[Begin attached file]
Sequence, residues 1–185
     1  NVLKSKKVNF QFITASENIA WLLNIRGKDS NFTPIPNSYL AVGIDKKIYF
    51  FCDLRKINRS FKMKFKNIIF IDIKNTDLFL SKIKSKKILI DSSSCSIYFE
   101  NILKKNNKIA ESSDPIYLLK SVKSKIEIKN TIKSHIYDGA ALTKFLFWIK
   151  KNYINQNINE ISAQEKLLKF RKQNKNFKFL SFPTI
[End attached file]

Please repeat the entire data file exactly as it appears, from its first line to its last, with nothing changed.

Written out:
Sequence, residues 1–185
     1  NVLKSKKVNF QFITASENIA WLLNIRGKDS NFTPIPNSYL AVGIDKKIYF
    51  FCDLRKINRS FKMKFKNIIF IDIKNTDLFL SKIKSKKILI DSSSCSIYFE
   101  NILKKNNKIA ESSDPIYLLK SVKSKIEIKN TIKSHIYDGA ALTKFLFWIK
   151  KNYINQNINE ISAQEKLLKF RKQNKNFKFL SFPTI